Terry Gilliam is a name I discovered primarily as a Monty Python member, which means in my teen years, it's only in my twenties that I discovered the director and in my current thirties his most famous movies, and it's always a case of half-full half-empty glass. I admire the artist, he strikes me as a real Steven Spielberg without the usual schmaltz and technical gift for sentimental manipulation but on the other hand, one ought to be a little Spielberg sometimes. I love the artist but I hate when his own artistry steals the thunder of the stories they're supposed to serve.
Gilliam is the kind of polarizing directors (actually, he is THE polarizing director) whom you don't know whether he's a misunderstood genius or a man who can't handle his talent and feels the need to kill it with special effects and overdose of extravaganza, you don't know if the effects serve the story or the opposite. I never really enjoyed his films except in the few moments where the story overcame the effects and let his writing and storytelling talent blossom. This is why I respect "Brazil" and "Fear and Loathing in Las Vegas" but I love "The Fisher King"
now where does that put me regarding Terry Gilliam's take on the adventures of the iconic baron?
Well, this time, I have a little bias because despite the fact that it would take me twenty more years to completely know about Gilliam, I discovered "Munchausen" as a child, I can even tell you when: Tuesday January 7, 1992. I was nine, it was with my Dad and we had a lot of fun. So should I review the film or the childhood memory? I think I'll let my inner child talk for once (he might be more magnanimous than the adult). Indeed, there's something so appealing to childhood in the Baron's adventures, something that goes beyond the power of imagination, like only Disney and Spielberg could have pulled but this time, it is Gilliam, and I've got to hand it to him, his inner child inspired a great and visually stunning movie with unforgettable characters.
He didn't spoil it with any raunchy or crude material (although I could spot some adult subtleties sneaking here and there), he didn't overdo the violence, it was always handled in a close-to- comedic tone, it is in fact made as something to primarily appeal to kids. My only complaint is that the film drags a bit too long, a little more trimming and a little more clarity could have saved it but given how passionate Gilliam was in this adaptation, I knew he couldn't kill any bit of his darling. I believe most of his movies suffer from their lack of a proper editing, "Munchausen", almost gets away with it. And no matter how long it felt, while my Dad went to sleep, I finished the film till the end.
Now, I can't recollect which part stuck to my memory, if I had three in minds, it would be the sultan harem sequence with the torture's apprentice piano and the post-decapitation wink from the squire, also Berthold (Eric Idle), the hilarious servant trying to outrun a bullet. This sequence is comparable the funniest Looney Tunes and Tex Avery cartoons. Not only does he run faster than the bullet but he manages to deviate it at a nick of time, this is just something about the film, the way it combines characters with different gifts, the fastest man in the world, a dwarf with extraordinary blowing capabilities, a man of Herculean strength, Munchausen is as close to a cartoon as a film can get, and this is a real gem of fantasy film, in the same year than "Who Framed Roger Rabbit".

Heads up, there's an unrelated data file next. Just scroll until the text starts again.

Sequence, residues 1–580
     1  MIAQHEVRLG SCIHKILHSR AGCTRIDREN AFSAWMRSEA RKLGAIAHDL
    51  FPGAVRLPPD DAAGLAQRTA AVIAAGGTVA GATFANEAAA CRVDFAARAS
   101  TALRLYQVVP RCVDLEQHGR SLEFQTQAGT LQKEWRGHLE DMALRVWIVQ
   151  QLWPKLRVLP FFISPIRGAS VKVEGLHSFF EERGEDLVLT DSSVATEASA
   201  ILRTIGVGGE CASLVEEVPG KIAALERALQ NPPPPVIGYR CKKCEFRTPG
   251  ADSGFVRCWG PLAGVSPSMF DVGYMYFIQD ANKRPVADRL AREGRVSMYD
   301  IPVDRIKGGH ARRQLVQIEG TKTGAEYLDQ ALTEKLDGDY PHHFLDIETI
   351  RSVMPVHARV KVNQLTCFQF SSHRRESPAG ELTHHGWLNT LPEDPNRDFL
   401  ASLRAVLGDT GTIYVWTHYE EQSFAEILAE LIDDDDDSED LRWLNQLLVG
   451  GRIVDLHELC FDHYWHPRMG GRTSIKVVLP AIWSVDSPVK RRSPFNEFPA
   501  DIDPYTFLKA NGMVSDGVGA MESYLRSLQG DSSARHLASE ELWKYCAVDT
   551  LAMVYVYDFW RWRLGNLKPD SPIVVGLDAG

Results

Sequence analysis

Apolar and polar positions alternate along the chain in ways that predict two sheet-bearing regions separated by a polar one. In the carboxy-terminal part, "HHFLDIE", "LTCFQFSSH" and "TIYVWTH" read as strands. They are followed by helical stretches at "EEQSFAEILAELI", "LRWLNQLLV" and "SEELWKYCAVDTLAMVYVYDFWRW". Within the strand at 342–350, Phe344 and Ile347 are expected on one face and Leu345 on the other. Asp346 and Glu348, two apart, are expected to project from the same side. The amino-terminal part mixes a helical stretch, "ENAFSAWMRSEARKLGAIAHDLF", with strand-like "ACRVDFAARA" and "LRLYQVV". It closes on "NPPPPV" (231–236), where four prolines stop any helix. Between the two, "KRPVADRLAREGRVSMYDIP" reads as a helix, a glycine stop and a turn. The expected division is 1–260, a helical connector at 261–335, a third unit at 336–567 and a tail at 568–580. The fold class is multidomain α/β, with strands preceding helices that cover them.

The casting of John Neville is top notch, as he's the perfect straight man and accentuates the comical effect by constantly staying true to his heroic and stoic nature, I also had a crush on Sally who looked exactly like a girl in my class, of course, 25 years later, I couldn't believe how breathtakingly beautifully, Uma Thurman was. Now, where was I? Oh, I forgot the third point. Yeah, I didn't get the ending, I didn't understand how come he was supposed to die in the very film he story he was relating. But it didn't prevent me to enjoy the film, it was fun, crazy and discovering Gilliam made it reconciled me a bit with the director.
I had a great time watching the second disc on the DVD and I can see what's eating this guy, he's just such a predisposition for creativity that his energy knows no bound, sometimes, the movie suffer from it, but maybe in this case, Gilliam's way of extravagant did justice to a tale that is supposed to be a hymn to imagination, even with that resignation about lying. Who cares about facts anyway when the truth is elevated with that little spark from Munchausen. Gilliam even said that the film ended up as a box-office failure, which was like the perfect conclusion to a movie made under such hellish circumstances and those who saw the bonus know, it's the kind of projects that ruined friendships indeed. But here we are, almost thirty years later, the film is still here and it's a classic, Gilliam made his baby and it will survive him, no doubt.
So, maybe it was all worth the pain after all, like one would say, sometimes Cinema should show the agony of making the film. "The Adventures of Baron Munchausen" is the result of painstaking efforts, elevating Gilliam to a level of bravery similar to the one that pumps the Baron's heart, and this is the stuff great adventure movies are made of. Gilliam embrace the feel of his movies and vice versa.